As the Japanese invade the Philippines, Lt John Brickley and Lt Rusty Ryan try to convince the US Navy of the efficacy of small, manoeuverable torpedo boats against heavier craft.
One of John Ford's most personal movies (though star Robert Montgomery stepped in to direct some scenes when the Master fell ill), this is an account of the early, losing days of America's war in the Pacific. Based on the career of Lieutenants John Bulkely and Robert Kelly, the spioneer of torpedo boats represented here as Robert Montgomery’s John Brickhill and John Wayne’s Rusty Ryan, the film sets out to be a semi-documentary account of a very minor tactical turning point – the big victory, almost unnoticed in the last reel, is not against the Japanese but that the Navy finally listens to the heroes – but is actually a deeply romantic vision of the heroism of ordinary servicemen.
The war film has been called ‘the male weepie’, and this, more than any other film, bears that out. If you didn't understand why The Dirty Dozen makes Tom Hanks cry in Sleepless in Seattle, take a look at the understated, male emotion on view in the finale of They Were Expendable as two stragglers (Louis Jean Heydt, Leon Ames) get places on the last transport plane out before the Japanese overwhelm an island because the junior officers who are supposed to take the spots are delayed, but then get bumped when the kids turn up after all. Perhaps the finest Hollywood war film made during WWII. Instead of an end title, it quotes Douglas MacArthur’s ‘We Shall Return’ – of course, by the time the film was out, the tide of war had turned, giving this study of a losing campaign and a humiliating retreat an elegiac, noble-but-doomed, sacrifice-in-the-short-term-for-the-good-of-all feel that’s entirely Fordian.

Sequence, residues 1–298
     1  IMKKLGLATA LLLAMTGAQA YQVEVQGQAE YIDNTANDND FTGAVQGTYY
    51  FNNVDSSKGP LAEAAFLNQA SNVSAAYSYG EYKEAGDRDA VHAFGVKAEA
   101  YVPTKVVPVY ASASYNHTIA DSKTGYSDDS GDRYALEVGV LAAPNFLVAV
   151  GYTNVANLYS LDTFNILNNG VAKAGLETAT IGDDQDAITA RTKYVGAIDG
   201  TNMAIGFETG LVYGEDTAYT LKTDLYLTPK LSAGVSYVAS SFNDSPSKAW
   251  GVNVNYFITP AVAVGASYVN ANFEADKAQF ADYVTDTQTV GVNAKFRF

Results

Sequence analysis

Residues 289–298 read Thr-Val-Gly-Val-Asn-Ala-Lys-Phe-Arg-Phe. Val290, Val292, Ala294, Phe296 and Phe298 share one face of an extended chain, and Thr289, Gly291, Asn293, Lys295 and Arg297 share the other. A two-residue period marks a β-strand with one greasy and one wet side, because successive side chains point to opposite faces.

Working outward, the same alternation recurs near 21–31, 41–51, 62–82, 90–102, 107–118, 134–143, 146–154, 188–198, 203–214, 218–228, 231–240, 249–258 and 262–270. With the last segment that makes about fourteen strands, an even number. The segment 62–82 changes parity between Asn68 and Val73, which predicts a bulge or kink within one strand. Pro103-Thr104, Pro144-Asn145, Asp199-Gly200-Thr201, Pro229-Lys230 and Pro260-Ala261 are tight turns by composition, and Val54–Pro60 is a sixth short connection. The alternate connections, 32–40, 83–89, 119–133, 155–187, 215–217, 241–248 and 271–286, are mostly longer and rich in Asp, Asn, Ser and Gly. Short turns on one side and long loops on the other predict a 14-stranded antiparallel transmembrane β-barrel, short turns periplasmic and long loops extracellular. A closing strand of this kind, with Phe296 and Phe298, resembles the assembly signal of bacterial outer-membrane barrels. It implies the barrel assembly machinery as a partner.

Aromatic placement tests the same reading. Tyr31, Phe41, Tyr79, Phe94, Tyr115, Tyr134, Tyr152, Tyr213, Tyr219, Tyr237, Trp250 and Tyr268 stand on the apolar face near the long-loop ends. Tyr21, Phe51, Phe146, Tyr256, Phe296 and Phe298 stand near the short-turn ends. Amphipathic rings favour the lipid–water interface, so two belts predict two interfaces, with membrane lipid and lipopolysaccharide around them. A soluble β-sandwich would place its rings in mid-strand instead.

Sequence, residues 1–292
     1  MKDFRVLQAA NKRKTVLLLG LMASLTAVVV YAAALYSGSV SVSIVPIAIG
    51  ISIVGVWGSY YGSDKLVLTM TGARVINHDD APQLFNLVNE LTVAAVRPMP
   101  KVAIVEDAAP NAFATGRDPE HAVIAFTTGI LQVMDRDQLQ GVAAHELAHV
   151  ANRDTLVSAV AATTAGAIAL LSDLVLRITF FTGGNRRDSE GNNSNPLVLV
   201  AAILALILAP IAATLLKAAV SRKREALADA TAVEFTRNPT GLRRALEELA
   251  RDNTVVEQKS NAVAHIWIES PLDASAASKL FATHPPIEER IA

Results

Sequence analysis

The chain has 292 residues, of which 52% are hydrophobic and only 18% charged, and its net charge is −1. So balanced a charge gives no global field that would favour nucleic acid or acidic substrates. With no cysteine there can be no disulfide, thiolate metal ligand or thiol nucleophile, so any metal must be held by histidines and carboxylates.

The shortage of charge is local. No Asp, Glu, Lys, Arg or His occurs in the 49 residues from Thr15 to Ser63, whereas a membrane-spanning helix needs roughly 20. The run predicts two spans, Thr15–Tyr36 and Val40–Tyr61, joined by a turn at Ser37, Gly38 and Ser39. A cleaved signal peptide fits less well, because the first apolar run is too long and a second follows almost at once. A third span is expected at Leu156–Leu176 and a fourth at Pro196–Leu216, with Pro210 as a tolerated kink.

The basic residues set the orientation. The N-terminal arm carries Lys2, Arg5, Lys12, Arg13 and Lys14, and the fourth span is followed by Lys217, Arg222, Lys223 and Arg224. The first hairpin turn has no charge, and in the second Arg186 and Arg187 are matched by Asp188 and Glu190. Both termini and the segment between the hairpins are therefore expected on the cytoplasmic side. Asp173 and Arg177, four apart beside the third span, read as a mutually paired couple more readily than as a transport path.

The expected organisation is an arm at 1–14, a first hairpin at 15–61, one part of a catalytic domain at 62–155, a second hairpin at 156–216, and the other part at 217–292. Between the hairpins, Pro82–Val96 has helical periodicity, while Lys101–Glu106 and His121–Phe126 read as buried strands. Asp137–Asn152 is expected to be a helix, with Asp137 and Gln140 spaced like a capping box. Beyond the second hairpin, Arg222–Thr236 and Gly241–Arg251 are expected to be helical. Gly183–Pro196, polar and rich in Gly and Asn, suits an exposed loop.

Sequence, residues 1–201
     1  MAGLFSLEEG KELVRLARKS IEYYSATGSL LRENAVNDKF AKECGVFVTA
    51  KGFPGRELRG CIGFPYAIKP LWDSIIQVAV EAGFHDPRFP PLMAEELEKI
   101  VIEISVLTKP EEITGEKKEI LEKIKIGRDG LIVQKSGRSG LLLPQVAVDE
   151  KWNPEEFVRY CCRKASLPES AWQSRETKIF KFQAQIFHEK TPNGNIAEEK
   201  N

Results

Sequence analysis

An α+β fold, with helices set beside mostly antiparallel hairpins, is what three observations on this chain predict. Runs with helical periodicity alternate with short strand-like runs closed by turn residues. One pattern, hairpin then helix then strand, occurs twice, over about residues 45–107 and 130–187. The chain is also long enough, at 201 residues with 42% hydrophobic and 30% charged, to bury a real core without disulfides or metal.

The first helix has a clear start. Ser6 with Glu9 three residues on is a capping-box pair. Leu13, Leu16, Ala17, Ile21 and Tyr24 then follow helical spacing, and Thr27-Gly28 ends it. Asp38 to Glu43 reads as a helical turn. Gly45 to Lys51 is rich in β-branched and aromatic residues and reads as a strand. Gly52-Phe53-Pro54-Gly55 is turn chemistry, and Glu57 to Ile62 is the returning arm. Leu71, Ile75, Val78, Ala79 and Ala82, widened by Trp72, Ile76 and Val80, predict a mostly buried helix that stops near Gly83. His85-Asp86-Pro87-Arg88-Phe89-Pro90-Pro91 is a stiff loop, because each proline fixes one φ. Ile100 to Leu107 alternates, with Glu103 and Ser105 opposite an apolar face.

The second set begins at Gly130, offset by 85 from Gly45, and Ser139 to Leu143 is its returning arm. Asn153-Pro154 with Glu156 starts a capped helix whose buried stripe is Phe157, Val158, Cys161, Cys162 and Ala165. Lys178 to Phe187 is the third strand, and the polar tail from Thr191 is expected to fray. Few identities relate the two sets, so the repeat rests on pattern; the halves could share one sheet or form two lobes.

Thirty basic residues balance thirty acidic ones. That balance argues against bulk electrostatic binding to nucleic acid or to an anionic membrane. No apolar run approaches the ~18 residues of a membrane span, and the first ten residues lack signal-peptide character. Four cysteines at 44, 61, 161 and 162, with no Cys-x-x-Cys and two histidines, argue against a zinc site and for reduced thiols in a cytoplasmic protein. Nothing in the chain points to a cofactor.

A war movie with enough honour and heroism to make a grown man weep.